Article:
At a recent non-translation related trade show I was occasionally asked the shocking question, “So, how often do you use Google Translate?” The answer is of course, never, but it gets to a matter we’ve discussed a lot on the blog, the lack of understanding of how professional translation is actually done.
At AZ World we use Computer Aided Translation (CAT) software, now when I say “translation software” people immediately think Google Translate or machine translation. That is simply wrong. CAT software can have tools like glossaries, spell checkers, or translation memories. They in no way translate for the translator, but just provide additional tools, like any modern word processor does. The translation memory is the most powerful of the CAT tools, and the one that causes the most confusion. It’s best explained with an example.
Say your company, Initech, releases weekly Human Resources bulletins that must be translated into Spanish so that employees in both New York and Madrid can read them. Assuming Initech, uses a standard format for each of the bulletins, there are probably words repeated each week. These can be things like company slogans or mottos. For example, “Is This Good for the COMPANY?” Instead of paying full rate for translating “Is This Good for the COMPANY?” every week, Initech would only have to pay full rate once, then that phrase would enter into Initech’s TM and every subsequent translation would charge that phrase at a significantly lower rate.
This system rewards customer loyalty by providing our clients with a lower rate the more they use AZ World, but it has another benefit for clients as well. The TM is the property of the client and will be provided to them if they request it. The client then still has a database of translated words they can take to a new translator should they choose to leave AZ World.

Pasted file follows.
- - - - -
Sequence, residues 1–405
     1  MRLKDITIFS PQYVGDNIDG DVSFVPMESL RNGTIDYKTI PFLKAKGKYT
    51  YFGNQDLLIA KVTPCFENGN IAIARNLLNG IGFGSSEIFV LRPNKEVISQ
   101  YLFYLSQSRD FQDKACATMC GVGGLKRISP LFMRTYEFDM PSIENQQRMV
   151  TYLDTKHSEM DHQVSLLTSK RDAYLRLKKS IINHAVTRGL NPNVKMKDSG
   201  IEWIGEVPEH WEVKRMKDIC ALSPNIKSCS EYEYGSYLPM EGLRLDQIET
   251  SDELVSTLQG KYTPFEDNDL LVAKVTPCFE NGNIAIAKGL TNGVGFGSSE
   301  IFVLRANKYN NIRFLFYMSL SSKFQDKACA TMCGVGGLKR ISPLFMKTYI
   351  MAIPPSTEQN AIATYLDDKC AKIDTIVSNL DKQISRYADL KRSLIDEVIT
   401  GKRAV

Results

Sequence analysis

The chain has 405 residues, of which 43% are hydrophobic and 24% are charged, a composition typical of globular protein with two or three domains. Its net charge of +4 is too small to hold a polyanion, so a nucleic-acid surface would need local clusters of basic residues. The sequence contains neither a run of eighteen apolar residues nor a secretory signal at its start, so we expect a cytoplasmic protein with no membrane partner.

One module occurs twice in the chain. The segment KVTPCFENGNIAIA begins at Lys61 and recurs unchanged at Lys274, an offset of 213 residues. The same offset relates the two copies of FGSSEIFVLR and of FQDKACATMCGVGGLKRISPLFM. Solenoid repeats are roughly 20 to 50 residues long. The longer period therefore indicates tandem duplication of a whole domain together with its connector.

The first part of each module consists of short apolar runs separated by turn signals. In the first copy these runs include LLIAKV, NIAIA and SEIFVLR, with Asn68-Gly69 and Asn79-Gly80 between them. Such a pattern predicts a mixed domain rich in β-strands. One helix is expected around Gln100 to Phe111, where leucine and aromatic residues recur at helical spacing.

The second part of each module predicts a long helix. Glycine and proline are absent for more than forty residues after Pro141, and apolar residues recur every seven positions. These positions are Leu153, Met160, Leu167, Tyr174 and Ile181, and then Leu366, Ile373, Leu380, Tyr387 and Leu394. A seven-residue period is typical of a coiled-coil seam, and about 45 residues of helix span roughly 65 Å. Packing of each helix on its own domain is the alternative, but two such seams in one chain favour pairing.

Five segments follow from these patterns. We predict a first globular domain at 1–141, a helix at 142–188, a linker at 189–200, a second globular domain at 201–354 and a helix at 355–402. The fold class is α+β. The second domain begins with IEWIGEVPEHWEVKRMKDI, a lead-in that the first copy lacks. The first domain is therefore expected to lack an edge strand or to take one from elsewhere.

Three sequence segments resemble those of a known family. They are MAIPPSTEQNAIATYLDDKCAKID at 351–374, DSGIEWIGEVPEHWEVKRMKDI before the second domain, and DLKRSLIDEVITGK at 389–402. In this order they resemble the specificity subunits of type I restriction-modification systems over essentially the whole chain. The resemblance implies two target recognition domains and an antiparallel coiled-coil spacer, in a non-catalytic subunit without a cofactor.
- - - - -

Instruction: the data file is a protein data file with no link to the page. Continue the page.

The way the TM actually works depends on the specifics of the translation software used, but it can be useful to think of it as a sort of find and replace function. And this is where people become confused about translation memories and CAT and machine translation (Google Translate).
This is where it is important to point out the difference between using translation memories, TM’s, and using machine translation, MT. MT uses a general database of words and simply replaces all entered words with their translated equivalent. While MT software is getting better and better at detecting context and finding equivalent verb tenses, it is still nowhere near as good as professional translation. While MT uses a general database, TM’s are client specific databases that contain the words that best fit that client’s needs and environment. The TM also isn’t used for every single word in a project. Large bodies of text cannot be properly translated with a TM, but technical and specialized words within a body of text can be.
Nowadays everyone from teachers to cabinet makers utilize specialized computer software to improve their work, translators are no difference. These tools improve the quality and quantity of work, and in no way will replace the irreplaceable human element